“Palliative care for children is holistic care delivered by a multidisciplinary team of people with the appropriate training. It provides tailored support to address the physical, spiritual, emotional and social needs of a child with a life-threatening or life-limiting condition and extends this care to the child’s family. It can begin at the time of diagnosis or at any point along the progression of the illness even when curative treatments are appropriate. Palliative care for children continues throughout the remainder of the child’s life, accompanies and supports the child and the family at the end of life and continues this support into the bereavement period, for as long as it is needed. The focus of care is on improving and enhancing quality of life, ensuring dignity in death and providing support in bereavement”.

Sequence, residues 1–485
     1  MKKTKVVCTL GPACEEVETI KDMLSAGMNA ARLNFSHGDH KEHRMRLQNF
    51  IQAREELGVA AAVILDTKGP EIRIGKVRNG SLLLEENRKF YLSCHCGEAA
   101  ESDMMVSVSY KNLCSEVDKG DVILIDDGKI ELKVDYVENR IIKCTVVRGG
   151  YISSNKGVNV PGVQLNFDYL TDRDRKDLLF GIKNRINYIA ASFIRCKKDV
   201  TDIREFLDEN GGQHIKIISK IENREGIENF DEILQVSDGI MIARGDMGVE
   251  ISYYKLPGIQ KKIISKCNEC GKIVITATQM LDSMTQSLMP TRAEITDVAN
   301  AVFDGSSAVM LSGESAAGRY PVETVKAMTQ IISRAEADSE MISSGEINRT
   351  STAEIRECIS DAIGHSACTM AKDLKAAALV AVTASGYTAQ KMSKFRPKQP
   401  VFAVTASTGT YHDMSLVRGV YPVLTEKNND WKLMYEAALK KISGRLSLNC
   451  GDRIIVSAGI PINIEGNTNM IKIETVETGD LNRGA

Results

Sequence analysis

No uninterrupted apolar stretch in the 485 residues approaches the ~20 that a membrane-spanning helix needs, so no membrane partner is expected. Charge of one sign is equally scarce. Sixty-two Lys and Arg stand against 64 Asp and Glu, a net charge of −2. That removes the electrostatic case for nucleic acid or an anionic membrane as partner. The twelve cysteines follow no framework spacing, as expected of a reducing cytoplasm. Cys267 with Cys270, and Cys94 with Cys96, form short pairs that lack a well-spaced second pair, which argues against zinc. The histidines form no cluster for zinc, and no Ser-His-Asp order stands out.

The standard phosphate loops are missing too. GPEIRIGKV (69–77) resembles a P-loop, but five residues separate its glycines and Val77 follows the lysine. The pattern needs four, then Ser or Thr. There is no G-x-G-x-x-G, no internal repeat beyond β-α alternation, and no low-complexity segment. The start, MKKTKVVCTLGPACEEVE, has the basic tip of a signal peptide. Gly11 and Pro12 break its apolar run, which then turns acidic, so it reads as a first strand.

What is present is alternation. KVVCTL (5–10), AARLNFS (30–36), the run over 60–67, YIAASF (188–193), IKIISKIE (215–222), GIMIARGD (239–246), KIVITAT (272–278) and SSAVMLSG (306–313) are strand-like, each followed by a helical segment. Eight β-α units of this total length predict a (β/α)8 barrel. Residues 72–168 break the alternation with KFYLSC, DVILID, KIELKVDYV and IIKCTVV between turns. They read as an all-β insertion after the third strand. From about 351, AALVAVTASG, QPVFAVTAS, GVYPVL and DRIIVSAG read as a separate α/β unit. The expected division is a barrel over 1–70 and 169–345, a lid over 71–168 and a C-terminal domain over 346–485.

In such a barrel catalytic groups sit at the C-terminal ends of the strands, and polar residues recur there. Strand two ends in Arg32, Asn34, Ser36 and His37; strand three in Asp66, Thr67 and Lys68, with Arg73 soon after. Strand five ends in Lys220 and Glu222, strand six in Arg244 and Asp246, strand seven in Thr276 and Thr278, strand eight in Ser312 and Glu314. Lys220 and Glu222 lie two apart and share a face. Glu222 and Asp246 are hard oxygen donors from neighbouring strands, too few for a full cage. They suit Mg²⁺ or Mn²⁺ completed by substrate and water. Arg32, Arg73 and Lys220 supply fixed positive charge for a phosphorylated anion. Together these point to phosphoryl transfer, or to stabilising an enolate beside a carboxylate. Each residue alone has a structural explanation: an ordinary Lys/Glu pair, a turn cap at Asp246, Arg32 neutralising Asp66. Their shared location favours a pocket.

Children’s palliative care (CPC) supports the child and recognises the needs of the family too. Quality of life is of the utmost importance, along with symptom control, and care is child-centred. It includes all aspects of the child’s and their family’s life and their needs. CPC enriches the lives of the child and the family and ensures that children do not live, and do not die, suffering and struggling. CPC also extends to the family’s needs once the child or young person has died, providing bereavement support. It encompasses all aspects of a child’s life and includes the needs of the family. Every child and their family should receive palliative care NOW, wherever and whenever they need it. I hope to do this through my work with the International Children’s Palliative Care Network and Together for Short Lives.